Insights into the opening of DNA-like double-stranded helices in lamivudine duplex IV and the first polymorph of this drug†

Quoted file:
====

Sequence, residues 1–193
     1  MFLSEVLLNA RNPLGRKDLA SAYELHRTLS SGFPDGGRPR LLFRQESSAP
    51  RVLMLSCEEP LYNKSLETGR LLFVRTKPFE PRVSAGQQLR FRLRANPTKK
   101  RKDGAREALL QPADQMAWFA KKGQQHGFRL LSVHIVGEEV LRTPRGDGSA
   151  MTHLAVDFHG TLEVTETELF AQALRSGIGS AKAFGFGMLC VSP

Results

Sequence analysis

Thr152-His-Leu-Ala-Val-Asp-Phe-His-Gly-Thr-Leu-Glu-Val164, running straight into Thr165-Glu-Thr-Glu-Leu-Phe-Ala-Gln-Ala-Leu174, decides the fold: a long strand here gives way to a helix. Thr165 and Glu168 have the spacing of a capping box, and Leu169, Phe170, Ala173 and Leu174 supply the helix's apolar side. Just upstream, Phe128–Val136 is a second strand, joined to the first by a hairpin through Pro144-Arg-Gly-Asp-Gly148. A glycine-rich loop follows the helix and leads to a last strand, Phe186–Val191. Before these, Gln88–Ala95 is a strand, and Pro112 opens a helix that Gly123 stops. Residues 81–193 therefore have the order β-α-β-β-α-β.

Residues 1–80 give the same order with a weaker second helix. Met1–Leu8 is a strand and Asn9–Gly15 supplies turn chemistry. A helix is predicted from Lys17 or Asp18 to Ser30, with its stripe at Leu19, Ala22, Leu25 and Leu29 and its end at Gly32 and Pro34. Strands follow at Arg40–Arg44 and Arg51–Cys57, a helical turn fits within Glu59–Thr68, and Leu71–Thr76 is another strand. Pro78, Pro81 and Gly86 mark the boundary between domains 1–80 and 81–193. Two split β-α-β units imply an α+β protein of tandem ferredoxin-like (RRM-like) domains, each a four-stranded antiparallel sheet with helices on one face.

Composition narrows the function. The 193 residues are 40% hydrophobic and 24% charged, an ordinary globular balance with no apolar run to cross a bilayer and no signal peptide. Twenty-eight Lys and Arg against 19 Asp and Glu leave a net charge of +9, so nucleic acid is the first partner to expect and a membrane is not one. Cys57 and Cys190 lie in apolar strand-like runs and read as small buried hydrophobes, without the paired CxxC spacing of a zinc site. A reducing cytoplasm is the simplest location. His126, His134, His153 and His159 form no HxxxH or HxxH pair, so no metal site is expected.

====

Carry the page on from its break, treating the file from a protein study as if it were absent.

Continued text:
Here we report an enantiospecific assembly of the drug lamivudine with D-tartaric acid mimicking the opening of a DNA duplex. In this structure, named lamivudine duplex IV, the D-tartrate counterions are in charge of the opening of the two base-paired helically-stacked strands, in analogy to the role of helicase in nature. This multicomponent crystal between lamivudine and D-tartaric acid therefore provides insights into the molecular basis of nucleic acid strand separation. The hydroxyl group from either D-tartrate or a serine residue of helicase is a hydrogen bond donor to the sugar ring from a nucleoside, which suggests a base unpairing role of such an interaction. Furthermore, the enantiospecificity of such a phenomenon can be stated as being the result of the duplex opening through only the D enantiomer. When L-tartaric acid was used to attempt the opening of the lamivudine duplex, only a monohydrate salt without any base-pairing motif was obtained. The first anhydrous polymorph of lamivudine was also obtained in the course of our cocrystallization screening between lamivudine and L-tartaric acid. This new polymorph was named lamivudine form IV and is made up of only the drug, as observed in its commercial polymorphic form II. Lamivudine form IV consists of base-paired dimers held together by uncommon N–H⋯N hydrogen bonds, but they are not helically stacked due to the absence of an enantiospecific strand opener.